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‘Dependence on commodities’ export spikes vulnerability in Nigeria, others’

By Kingsley Jeremiah, Abuja
10 September 2021   |   3:04 am
At a time that the rest of the world is prioritising value-addition, rather than raw materials export, Nigeria and other countries have continued to depend on commodities

At a time that the rest of the world is prioritising value-addition, rather than raw materials export, Nigeria and other countries have continued to depend on commodities export valued at $4.38 trillion in one year.

Despite different policies aimed at industrialisation, non-oil revenue, and local content development, the United Nations, yesterday, showed that the West African region, especially Nigeria, remains notably dependent on commodity export.

Measuring the development from 2008, the report showed that commodity dependence increased by 20 per cent as West Africa still exports 95 per cent of its commodities.

Reportedly, Nigeria exported $33.5 billion worth of raw materials around the globe in 2020. The figure reflects a reduction of 3.6 per cent since 2016 and a decrease of 37.5 per cent from 2019 to 2020.

With crude oil, gas, and cocoa dominating the export, the volatility and vulnerability of the commodities have led to 41.5 per cent depreciation of the naira against the U.S. dollar since 2016 and a decline of 16.9 per cent from 2019 to 2020.

Although political leaders in the country had at several times pledged commitment to industrialisation, insisting “no country has ever become rich by exporting raw materials,” the pledges remain far from reality. A 2014 Nigeria Industrial Revolution Plan (NIRP) did not spark projected optimism.

The fifth edition of the United Nations Conference on Trade and Development (UNCTAD) Commodity Dependence 2021 report noted that commodity dependence increased over the last decade from 93 countries in 2008–2009 to 101 in 2018–2019.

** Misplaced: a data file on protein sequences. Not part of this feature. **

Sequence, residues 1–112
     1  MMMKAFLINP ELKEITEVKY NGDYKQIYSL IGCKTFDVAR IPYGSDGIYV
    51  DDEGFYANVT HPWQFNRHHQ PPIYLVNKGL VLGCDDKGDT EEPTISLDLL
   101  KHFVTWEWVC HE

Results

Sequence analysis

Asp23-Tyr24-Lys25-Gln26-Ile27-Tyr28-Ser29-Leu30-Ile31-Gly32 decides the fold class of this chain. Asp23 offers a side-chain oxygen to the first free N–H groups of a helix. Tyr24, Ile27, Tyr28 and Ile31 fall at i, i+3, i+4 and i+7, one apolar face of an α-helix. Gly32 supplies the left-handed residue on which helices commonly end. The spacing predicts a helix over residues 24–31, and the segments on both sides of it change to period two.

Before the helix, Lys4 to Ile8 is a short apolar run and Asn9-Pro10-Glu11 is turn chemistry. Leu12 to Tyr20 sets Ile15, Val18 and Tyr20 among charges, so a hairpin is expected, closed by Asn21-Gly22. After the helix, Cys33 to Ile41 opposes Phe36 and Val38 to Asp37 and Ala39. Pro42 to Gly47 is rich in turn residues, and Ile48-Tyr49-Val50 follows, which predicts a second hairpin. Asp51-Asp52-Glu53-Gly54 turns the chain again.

According to the report, the nominal value of world commodity exports reached $4.38 trillion in 2018–2019, a 20 per cent increase compared with 2008–2009.

Commodity Head at UNTAD, Janvier Nkurunziza said commodity dependence makes countries more vulnerable to negative economic shocks.

“It can have a negative impact on export and fiscal revenues and adversely affect a country’s economic development,” Nkurunziza said.

UNCTAD considers a country to be commodity export-dependent when more than 60 per cent of its total merchandise exports are composed of commodities.

The report noted that most countries that were dependent on commodities in 2008–2009 remained so in 2018–2019, adding that commodity dependence tends to mainly affect developing countries, with 87 of them being considered commodity-dependent in 2018-2019

Out of the 101 commodity-dependent countries in 2018–2019, 38 relied on agricultural product exports, 32 on mining exports, and 31 on fuels.

The report added further that commodity export dependence in Africa and Oceania is particularly noteworthy, with more than three-quarters of countries in both regions relying on commodity exports for more than 70 per cent of their total merchandise export revenues.

Commodity export dependence is especially high in Middle Africa and Western Africa, where it is pegged at about 95 per cent. In these sub-regions, all countries were commodity-dependent in 2018–2019, except the Central African Republic.

In South America, all 12 countries had a level of commodity dependence greater than 60 per cent in 2018–2019, and for three-quarters of them, the share of commodity exports out of merchandise exports exceeded 80 per cent, the report said.

Central Asia was the sub-region with the highest level of commodity dependence in Asia, with an average share of commodity exports out of merchandise exports higher than 85 per cent in 2018–2019.